Germany has a political responsibility to participate in demining projects, Jung says: "For decades, German companies made a handsome profit manufacturing these lethal weapons."
Victims for life
But in 1998, Germany ratified the Ottawa Convention that prohibits the use, stockpiling and production of anti-personnel mines. In addition, the German armed forces have renounced the use of anti-vehicle mines - explosives not affected by the Ottawa ban. 160 states have ratified the convention, although not China, Russia or the US.
The track record looks good, Jung says, because more mines are cleared than planted. But even if this positive development continues, "a landmine victim is a landmine victim for life. Jung says. "We'll be taking care of the victims for decades to come."
Christian Schlierf, an orthopedic technician from Nuremburg, regularly deals with the victims of landmine injuries. For more than 10 years, he has worked in Bosnia and Herzegovina, one of the countries most seriously affected by landmine contamination. "Farmers or children go into the forest to fetch wood and step on a mine," Schlierf says. "Those are typical victims."
Mines are usually constructed in such a way that they don't kill the victim, but tear off his leg, this turning an injured soldier into a burden for the enemy army. Landmines are designed to harm adults, not children. If their much smaller bodies are hit and they survive the blast, they are usually much more seriously injured.
Makeshift medical care
But of course, the explosives result in all manner of injuries in adults, too, says Schlierf. Some victims are missing a hand or arm, sometimes on both sides.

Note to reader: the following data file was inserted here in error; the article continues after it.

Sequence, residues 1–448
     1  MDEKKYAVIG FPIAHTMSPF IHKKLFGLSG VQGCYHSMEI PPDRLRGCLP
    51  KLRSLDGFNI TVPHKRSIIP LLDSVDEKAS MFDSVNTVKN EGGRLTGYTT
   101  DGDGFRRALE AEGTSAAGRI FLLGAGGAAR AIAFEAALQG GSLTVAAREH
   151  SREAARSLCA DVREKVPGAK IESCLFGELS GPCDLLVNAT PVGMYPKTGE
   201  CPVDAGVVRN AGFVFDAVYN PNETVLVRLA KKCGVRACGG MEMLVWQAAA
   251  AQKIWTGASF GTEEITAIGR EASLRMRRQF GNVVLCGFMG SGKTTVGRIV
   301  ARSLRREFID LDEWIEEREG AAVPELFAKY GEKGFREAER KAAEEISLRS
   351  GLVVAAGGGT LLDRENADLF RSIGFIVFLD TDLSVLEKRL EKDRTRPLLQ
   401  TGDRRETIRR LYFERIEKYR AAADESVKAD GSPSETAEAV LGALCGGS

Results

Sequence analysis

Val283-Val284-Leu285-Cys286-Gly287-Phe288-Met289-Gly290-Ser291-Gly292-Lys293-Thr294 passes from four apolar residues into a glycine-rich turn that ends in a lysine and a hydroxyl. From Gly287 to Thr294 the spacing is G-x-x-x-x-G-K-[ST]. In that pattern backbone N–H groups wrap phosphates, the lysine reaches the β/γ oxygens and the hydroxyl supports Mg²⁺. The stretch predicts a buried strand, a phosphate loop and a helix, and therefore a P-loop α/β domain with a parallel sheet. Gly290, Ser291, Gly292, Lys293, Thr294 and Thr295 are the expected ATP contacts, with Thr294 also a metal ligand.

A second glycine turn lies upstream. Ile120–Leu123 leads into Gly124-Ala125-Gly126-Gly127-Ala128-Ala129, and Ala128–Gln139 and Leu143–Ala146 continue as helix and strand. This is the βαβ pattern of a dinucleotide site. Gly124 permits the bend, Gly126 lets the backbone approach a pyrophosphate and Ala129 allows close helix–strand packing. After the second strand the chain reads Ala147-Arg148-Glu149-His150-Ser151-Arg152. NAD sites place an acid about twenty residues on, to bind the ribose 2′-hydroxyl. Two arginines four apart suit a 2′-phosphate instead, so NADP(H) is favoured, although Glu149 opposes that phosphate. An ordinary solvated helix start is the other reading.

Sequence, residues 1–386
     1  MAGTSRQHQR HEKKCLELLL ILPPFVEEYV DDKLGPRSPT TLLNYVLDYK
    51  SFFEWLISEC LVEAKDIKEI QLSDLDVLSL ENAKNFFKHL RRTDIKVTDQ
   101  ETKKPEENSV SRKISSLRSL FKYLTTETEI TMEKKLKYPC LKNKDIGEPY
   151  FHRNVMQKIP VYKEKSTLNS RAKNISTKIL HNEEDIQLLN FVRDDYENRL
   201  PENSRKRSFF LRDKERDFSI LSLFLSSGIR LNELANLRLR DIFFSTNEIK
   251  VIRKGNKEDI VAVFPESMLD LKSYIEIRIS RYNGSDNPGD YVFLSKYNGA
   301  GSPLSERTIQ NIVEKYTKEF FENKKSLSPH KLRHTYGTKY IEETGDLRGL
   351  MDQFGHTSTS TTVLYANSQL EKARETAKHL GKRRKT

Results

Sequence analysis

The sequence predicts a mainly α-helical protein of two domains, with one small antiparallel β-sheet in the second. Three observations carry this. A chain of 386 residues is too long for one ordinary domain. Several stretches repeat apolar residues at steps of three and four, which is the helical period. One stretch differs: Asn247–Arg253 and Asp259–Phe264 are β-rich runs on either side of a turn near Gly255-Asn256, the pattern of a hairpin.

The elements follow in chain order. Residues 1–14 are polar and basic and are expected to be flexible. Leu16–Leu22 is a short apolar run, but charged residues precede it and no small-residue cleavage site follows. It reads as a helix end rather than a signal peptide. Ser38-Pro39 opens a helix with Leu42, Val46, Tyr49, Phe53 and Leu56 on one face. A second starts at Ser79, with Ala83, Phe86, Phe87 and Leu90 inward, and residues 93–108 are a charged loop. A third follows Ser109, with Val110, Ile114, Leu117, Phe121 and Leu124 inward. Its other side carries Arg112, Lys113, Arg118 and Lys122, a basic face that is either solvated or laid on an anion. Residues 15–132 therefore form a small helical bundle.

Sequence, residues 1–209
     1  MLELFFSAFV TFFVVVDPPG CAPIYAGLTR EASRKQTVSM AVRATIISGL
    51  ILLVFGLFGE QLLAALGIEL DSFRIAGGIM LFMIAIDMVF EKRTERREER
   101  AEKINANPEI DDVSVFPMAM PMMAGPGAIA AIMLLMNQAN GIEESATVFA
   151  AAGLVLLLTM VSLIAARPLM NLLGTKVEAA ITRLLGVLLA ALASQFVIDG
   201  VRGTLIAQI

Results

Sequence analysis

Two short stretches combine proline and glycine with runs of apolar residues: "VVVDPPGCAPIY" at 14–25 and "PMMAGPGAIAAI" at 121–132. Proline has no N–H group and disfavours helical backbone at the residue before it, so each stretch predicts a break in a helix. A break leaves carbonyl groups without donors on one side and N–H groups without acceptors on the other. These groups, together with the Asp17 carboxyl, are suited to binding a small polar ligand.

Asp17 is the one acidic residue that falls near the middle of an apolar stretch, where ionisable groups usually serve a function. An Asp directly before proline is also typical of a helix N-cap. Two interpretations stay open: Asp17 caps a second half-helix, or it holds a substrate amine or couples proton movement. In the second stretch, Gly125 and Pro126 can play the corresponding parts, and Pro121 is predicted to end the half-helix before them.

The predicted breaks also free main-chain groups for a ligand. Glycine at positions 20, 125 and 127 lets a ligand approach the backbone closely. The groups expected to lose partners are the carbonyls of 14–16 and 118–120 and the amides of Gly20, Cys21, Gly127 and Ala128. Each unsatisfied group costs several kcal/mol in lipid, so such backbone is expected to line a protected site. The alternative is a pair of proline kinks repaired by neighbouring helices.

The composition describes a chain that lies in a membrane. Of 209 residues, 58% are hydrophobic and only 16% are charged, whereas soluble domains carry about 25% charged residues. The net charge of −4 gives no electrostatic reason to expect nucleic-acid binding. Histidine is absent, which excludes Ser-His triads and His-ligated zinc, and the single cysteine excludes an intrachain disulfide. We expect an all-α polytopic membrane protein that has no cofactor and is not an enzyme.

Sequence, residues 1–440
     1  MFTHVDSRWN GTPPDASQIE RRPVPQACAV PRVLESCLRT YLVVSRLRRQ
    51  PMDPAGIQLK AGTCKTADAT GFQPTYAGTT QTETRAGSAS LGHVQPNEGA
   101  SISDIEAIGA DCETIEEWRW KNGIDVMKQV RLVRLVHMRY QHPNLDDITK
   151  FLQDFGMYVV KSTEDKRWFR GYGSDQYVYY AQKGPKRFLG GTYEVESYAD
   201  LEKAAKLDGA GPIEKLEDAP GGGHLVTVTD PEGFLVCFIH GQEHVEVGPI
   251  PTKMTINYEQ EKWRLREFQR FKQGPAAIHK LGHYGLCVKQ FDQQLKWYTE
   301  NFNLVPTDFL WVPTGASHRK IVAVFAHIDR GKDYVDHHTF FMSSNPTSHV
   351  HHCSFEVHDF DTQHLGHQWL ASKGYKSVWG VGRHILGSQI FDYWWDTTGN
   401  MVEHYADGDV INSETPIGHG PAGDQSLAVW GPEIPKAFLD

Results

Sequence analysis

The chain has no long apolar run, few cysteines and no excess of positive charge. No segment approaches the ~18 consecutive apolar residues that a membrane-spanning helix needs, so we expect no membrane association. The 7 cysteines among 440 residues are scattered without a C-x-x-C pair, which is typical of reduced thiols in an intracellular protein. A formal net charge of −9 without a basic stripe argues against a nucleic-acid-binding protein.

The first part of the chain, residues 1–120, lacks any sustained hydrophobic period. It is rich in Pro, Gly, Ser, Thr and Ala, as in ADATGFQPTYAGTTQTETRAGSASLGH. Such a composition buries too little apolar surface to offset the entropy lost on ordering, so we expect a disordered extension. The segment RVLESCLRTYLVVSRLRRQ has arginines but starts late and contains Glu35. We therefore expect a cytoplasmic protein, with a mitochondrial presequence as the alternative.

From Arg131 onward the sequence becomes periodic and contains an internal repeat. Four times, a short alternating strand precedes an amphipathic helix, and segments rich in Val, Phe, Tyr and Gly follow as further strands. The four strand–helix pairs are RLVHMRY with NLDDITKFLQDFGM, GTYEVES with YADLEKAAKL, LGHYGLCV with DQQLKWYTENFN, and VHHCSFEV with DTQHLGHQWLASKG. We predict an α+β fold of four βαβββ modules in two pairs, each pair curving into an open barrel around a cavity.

"When someone has stepped on a mine, you can amputate up to a person's navel," orthopedist Schlierf says; shrapnel often affects more than one leg, sometimes even the internal organs. The emotional wounds can be just as severe: one of the German orthopedist's patients barely survived a landmine, but lost her entire family.
If treated professionally, adults who lose a foot or lower leg can expect to be reintegrated. "Some patients with an artificial lower leg walk so naturally that people won't necessarily notice," Schlierf says.
But professional medical treatment is the exception rather than the rule in countries where mines are buried. In the aftermath of emergency surgery, splintered bones can pierce the unevenly-sewn skin covering a stump, a common occurrence in the Bosnian war. This can make wearing an artificial limb an ordeal, Schlierf says.
A task without end
In 2006, Schlierf founded "Human Study," an organization that trains orthopedic technicians in the former Yugoslavia.
While the US State Department funds Human Study in the Balkans, the German Foreign Ministry has earmarked 2 million euros to support demining efforts in the region. The number of victims dropped significantly, from 513 in 1996 to six in 2010, but it is unlikely that all explosives hidden in the ground will have been destroyed by the target date of 2019.
The same is true for Cambodia: the country will not be free of mines and bombs by 2020. After all, Willers says, bombs from World War II are still unearthed in Germany more than 65 years later.
But Willers is confident about the future: "By 2020, landmines and unexploded bombs will no longer stand in the way of Cambodia's development."